This is an historical thriller about Edward’s contest to the death first with the German Kaiser and then with Hitler himself. It will determine the woman he will marry and the woman he will not. It will drive him to the brink of madness in a century gone insane.

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Dora And Edward Visit Reykjavik and Corner Brook:

In Murder at Hamlet’s Castle Dora and Edward have a wild time in store arriving in Denmark, Iceland, and northern Canada in Corner Brook. It is near the Bay of Newfoundland first charted by Captain Cook.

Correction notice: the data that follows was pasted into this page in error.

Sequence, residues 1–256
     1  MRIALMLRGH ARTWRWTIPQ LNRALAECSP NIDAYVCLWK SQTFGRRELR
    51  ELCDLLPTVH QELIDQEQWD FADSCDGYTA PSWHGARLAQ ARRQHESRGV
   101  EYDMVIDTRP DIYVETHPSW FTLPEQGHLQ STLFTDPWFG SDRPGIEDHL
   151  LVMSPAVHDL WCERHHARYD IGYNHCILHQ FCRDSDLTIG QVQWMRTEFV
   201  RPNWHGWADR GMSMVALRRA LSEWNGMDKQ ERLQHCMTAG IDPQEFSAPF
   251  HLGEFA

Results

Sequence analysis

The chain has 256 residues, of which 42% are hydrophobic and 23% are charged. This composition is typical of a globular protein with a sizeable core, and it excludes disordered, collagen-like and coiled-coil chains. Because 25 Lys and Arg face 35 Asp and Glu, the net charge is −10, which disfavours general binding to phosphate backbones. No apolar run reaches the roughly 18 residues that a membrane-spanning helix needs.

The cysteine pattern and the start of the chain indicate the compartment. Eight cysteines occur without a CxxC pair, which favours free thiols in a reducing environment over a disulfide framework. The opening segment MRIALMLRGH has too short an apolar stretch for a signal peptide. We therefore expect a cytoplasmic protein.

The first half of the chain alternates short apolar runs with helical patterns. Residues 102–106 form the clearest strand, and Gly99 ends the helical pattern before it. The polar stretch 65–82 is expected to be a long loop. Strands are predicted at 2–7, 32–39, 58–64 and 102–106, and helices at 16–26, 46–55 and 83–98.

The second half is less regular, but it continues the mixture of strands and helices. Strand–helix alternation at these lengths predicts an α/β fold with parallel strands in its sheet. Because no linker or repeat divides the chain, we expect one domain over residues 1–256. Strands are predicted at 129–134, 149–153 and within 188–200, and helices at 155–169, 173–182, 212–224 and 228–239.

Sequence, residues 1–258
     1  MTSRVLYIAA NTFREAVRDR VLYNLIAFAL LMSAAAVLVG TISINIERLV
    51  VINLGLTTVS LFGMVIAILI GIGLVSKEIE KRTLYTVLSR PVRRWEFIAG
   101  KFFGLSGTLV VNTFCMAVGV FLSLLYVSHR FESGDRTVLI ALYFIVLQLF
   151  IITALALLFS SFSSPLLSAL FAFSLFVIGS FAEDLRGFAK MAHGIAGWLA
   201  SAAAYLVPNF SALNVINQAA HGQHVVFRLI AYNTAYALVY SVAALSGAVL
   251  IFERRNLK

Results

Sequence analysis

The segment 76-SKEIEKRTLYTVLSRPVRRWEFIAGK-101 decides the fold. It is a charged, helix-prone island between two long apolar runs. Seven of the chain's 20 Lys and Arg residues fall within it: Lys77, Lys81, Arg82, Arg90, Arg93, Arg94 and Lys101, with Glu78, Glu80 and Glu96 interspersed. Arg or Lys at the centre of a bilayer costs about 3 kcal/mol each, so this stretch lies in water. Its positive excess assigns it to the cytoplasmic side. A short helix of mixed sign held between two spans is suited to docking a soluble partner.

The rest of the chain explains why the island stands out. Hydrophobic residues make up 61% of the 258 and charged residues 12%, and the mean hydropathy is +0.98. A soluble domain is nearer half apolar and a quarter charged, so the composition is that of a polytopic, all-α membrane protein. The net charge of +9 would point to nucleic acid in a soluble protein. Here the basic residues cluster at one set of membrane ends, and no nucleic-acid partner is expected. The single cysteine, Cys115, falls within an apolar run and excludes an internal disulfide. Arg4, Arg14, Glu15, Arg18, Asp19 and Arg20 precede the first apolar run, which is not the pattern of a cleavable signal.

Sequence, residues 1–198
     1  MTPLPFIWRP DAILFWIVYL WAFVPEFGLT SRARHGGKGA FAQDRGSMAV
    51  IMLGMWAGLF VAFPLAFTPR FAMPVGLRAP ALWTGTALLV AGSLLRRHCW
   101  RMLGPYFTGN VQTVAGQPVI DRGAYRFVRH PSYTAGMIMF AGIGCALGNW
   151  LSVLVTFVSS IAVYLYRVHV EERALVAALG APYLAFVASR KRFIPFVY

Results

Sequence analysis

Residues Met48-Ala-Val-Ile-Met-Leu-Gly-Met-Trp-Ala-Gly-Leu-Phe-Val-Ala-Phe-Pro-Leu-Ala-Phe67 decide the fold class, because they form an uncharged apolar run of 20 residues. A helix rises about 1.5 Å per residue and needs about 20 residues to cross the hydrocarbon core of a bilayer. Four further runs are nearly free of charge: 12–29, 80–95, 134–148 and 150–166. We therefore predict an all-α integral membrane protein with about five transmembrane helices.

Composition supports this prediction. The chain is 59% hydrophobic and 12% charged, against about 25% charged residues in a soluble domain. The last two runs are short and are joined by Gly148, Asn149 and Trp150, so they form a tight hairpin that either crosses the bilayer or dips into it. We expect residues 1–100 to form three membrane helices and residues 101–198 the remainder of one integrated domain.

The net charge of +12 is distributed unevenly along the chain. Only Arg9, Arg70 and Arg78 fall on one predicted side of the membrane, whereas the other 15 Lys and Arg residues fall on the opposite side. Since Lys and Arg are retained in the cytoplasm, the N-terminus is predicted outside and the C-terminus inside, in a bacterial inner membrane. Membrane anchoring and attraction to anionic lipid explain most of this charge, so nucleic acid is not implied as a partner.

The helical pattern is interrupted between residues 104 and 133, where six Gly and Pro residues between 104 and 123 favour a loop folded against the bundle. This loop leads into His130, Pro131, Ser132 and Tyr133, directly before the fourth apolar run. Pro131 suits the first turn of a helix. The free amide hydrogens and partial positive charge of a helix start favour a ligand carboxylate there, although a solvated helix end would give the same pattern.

After narrowly escaping the von Wessels in Murder at Hamlet’s Castle, Hitler’s chief spies, in Santa Fe while on leave from Mid East Quarters in Cairo, Edward and Dora don’t know where to go next and where to hide the Lawrence maps, key to world domination. They have just been watching a production of Hamlet when they get a note from Winston Churchill. He says that he and Clemmie got locked in the dungeon of Hamlet’s Castle in Helsingor, Denmark. It was where the Danish army used to be billeted in the Middle Ages. Churchill and Clemmie had to raise Hamlet’s ghost screaming to be let out.